At the end of October I'll be visiting Denver and teaching my Bow Ties workshop. Thought I'd kick it up a bit and add in some proper ties as well. This is just a draft -- stay tuned for what the elves make overnight.
A sudden storm left me without electricity yesterday afternoon. So, I started the day with a lovely caravan on the street fixing the transformer behind my house. (Sorry, the other 44 homes that were without power.) Power's back. My machine is sewing.
Ann Clarke's Math Notes is a quiet, unobtrusive wall piece. Made of fulled knit wool, it has such a soft look up close, that I hadn't noticed the graffiti she laid in until I saw it in a photo. Deceptive, indeed. Today at the opening of Art in Craft Media at the Burchfield Penney Art Center.
The top -- made from a one yard piece -- is assembled. This is an homage to a student Jo (you can call her Shirley) who took my New Big Leaf class and did a wonderful adaptation of it. I cut and reassembled this Skinny Line Leaf to make it just a bit more, like she did.
A few weeks ago I spent a day teaching and wrestling with this pattern. I've gone back to recut and sew this "Skinny Line Leaf" so that it behaves -- this time with freezer paper templates. I've used a one yard piece of my hand 'painted' fabric. Much better. Also, use steam.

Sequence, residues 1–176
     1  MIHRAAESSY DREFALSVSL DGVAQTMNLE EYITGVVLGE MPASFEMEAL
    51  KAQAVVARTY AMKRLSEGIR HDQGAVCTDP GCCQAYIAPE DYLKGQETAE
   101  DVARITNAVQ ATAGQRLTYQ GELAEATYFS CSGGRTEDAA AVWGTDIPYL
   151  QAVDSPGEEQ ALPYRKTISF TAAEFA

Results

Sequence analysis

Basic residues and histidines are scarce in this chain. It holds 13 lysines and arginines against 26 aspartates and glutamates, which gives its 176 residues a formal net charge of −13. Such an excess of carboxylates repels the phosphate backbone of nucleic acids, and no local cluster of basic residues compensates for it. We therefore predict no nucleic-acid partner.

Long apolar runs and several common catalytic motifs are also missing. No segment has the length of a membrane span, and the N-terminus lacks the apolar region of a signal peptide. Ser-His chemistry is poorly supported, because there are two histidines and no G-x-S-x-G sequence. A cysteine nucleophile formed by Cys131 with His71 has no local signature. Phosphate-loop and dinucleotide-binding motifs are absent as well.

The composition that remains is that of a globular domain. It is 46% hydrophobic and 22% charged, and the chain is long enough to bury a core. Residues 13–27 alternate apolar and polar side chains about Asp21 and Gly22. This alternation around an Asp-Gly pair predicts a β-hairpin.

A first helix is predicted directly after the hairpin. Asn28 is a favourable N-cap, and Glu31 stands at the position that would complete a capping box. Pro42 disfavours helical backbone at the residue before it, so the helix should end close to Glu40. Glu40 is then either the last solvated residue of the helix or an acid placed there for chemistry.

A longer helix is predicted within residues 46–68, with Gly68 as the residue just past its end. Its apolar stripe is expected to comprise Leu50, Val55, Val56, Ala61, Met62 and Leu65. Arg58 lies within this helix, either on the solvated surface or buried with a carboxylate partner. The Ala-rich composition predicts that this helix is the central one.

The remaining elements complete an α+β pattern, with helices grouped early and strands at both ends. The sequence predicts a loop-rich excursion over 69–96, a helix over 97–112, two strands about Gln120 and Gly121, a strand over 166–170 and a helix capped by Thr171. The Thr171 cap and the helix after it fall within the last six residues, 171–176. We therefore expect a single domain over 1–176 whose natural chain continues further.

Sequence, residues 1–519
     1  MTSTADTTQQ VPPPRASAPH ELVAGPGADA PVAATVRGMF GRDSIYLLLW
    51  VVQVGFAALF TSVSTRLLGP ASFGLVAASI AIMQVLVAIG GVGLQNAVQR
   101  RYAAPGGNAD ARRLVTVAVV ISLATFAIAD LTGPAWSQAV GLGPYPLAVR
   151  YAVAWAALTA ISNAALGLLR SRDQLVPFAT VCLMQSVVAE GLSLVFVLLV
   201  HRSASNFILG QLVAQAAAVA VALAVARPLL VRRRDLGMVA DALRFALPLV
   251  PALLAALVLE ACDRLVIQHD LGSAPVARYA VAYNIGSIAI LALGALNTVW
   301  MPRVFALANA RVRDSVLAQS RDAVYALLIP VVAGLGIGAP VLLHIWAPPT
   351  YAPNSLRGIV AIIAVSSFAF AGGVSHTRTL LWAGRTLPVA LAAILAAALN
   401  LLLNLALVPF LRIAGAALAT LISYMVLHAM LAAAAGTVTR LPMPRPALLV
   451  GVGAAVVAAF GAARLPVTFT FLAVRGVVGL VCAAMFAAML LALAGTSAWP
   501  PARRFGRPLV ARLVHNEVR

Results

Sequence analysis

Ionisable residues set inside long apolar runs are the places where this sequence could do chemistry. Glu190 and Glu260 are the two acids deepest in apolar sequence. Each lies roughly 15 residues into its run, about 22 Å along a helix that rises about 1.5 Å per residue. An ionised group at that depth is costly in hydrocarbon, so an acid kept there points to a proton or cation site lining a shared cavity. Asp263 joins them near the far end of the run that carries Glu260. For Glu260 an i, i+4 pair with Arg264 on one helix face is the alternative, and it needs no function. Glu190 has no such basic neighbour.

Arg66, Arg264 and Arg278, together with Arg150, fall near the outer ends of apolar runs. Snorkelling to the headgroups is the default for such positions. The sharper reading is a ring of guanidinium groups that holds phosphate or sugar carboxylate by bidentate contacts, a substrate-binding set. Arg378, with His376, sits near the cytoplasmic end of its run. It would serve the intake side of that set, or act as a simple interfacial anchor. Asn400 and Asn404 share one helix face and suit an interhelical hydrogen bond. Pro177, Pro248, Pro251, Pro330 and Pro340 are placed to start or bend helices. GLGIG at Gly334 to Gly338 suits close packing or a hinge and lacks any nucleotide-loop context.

It was $2 a bundle, with Judy Kirpich's work on the cover of this SAQA Journal at this last weekend's quilt show. I remember when I forced myself to eject all my magazines before 1980. I can purge in another decade.
Just north of these fabrics is a little note that reminds me that the small donated quilt for the Schweinfurth (for Quilts=Art=Quilts) raffle is due October 15. This may be the start of something small.
While hanging around and selling fabrics this weekend, I thought I would try out a few compositions. The top and bottom are the same fabric, with the middle piece folded, then laid in the center. Simple cuts, and you can let the fabric's design do the heavy work.
At the quilt show for the Tompkins County Quilt Guild, visitors vote for what their favorite. For my category -- large contemporary -- I got one of the three thirds (no, that doesn't make a whole). Yes, we are the popular gals.
I'm at the Tompkins County Quilt Guild's show in Dryden, New York this weekend, and this is my view. Over two tables full of my printed fabrics, I get to talk to loads of people, explain myself, and take in some fabulous quilts of all types.